The oral cavity is the portal of entry for many infectious pathogens. Despite advances in the field of mucosal immunity, mechanisms of immunity in the oral mucosa remain surprisingly poorly understood. Candida albicans is a commensal fungus that commonly colonizes mucosal surfaces including the mouth. In healthy individuals, Candida is non-pathogenic. However, in immunodeficient patients, such as those with HIV/AIDS, Sjgren's syndrome, congenital immunodeficiency or those receiving chemotherapy, this microbe causes severe opportunistic infections of the oral cavity, known as "thrush" or oropharyngeal candidiasis (OPC). We recently discovered that immunity to OPC is highly dependent on IL-23, IL-17, and ROR?t, overturning the long-held paradigm that immunity to Candida is mediated by Th1 cells and IFN?. Our findings have been validated in in patients with rare immunodeficiency diseases that impact the IL-23/IL-17 pathway and who suffer from OPC and other forms of chronic mucocutaneous candidiasis (CMC). For example, Hyper-IgE/Job's Syndrome (HIES) is caused by mutations in STAT3, a transcription factor downstream of IL-23 and other cytokines. HIES patients have low levels of Th17 cells but not Th1 cells, and usually suffer recurrent OPC/CMC. Similarly, rare IL-17R-deficient families present with OPC and CMC. In this proposal, we will address several unanswered questions regarding oral immunity to Candida, emphasizing the IL-23/STAT3/IL- 17 pathway. It is clear there is a powerful innate response to Candida, but the nature of this cell type is unknown. Using new reporter mice, in Aim 1 we will determine the nature of the key IL-17-producing innate cell type that provides the early response to this organism.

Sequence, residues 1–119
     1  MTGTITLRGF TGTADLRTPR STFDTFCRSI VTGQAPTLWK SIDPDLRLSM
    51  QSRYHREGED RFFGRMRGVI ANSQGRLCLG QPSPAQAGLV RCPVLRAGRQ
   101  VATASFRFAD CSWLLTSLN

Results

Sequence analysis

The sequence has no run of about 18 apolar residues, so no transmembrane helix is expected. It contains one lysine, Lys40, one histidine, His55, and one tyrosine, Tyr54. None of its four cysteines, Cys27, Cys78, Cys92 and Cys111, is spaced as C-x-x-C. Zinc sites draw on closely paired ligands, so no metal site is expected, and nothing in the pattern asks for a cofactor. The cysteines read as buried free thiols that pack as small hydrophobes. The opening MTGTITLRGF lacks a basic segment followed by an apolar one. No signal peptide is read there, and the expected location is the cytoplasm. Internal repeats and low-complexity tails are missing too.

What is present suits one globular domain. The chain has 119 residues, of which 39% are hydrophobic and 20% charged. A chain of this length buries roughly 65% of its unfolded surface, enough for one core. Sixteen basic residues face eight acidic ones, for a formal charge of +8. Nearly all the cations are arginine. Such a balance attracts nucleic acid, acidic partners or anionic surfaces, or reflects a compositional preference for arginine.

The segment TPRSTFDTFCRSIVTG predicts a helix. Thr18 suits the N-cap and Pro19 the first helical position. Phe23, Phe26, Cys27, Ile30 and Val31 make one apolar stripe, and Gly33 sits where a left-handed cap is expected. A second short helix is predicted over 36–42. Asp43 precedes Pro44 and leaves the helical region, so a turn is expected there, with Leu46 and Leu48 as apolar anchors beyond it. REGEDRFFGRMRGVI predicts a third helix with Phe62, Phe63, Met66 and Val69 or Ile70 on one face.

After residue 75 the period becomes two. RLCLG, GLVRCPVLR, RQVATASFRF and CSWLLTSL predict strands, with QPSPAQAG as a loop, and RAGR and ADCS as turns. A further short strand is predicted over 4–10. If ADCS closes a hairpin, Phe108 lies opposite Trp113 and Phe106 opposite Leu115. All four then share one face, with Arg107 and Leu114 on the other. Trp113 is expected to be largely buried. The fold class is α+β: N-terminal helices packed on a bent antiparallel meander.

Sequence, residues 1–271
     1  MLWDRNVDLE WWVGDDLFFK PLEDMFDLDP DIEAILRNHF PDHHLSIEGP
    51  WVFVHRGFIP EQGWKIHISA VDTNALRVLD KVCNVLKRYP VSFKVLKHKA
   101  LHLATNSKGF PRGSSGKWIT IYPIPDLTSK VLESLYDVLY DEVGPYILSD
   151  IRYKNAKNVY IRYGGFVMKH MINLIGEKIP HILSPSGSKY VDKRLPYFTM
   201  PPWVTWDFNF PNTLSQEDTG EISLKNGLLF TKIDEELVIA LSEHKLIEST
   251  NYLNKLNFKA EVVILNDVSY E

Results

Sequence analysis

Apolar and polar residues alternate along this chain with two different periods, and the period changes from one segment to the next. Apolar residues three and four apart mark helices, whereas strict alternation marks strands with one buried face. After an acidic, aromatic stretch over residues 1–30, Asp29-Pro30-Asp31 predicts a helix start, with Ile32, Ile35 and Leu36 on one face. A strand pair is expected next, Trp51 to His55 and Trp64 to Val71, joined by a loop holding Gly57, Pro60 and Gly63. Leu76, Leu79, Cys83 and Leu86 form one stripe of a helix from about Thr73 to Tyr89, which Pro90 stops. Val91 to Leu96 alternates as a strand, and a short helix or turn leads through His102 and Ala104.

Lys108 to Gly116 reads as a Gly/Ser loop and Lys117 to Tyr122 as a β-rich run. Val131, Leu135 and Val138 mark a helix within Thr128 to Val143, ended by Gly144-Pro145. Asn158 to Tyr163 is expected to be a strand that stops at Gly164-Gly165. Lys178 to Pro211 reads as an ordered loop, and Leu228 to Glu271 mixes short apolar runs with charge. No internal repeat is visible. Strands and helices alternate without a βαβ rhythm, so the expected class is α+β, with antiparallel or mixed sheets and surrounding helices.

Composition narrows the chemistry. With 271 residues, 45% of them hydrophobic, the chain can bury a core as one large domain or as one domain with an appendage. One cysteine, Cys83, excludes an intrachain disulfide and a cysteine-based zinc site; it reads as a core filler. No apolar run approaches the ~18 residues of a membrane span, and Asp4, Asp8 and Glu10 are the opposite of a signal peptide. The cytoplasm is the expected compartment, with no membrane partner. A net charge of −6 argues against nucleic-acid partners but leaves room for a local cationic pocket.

In Aim 2, we will evaluate mechanisms of immunity to OPC controlled by STAT3, particularly in oral epithelial cells.
In Aim 3, we will evaluate the mechanisms by which IL-23 and STAT3 signaling regulate the adaptive anti-Candida Th17 response. Together, these studies will define the roles of STAT3, IL-23 signaling and IL-17 in the maintenance of oral mucosal immunity.
Oral candidiasis, also known as oral thrush, is an AIDS-defining fungal infection of the oral mucosa. This disease also afflicts individuals on chemotherapy, transplant patients taking immunosuppressive drugs, asthma patients using inhaled corticosteroid drugs or others with compromised immune function such as infants and the elderly. The objective of this project is to understand in detail how the immune system normally keeps oral candidiasis under control, with an emphasis on the role of the IL-23/STAT3 signaling pathway leading to production of IL-17. The long-term goal of this research is to develop better therapies or vaccines for mucosal disease of the oral cavity, and to understand the consequences of therapies that suppress specific immune events.
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